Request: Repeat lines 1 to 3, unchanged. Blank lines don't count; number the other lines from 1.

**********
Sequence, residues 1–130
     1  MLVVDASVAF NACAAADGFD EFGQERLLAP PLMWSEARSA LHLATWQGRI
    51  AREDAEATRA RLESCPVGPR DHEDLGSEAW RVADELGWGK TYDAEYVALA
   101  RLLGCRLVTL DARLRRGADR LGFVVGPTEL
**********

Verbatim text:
Sequence, residues 1–130
     1  MLVVDASVAF NACAAADGFD EFGQERLLAP PLMWSEARSA LHLATWQGRI
    51  AREDAEATRA RLESCPVGPR DHEDLGSEAW RVADELGWGK TYDAEYVALA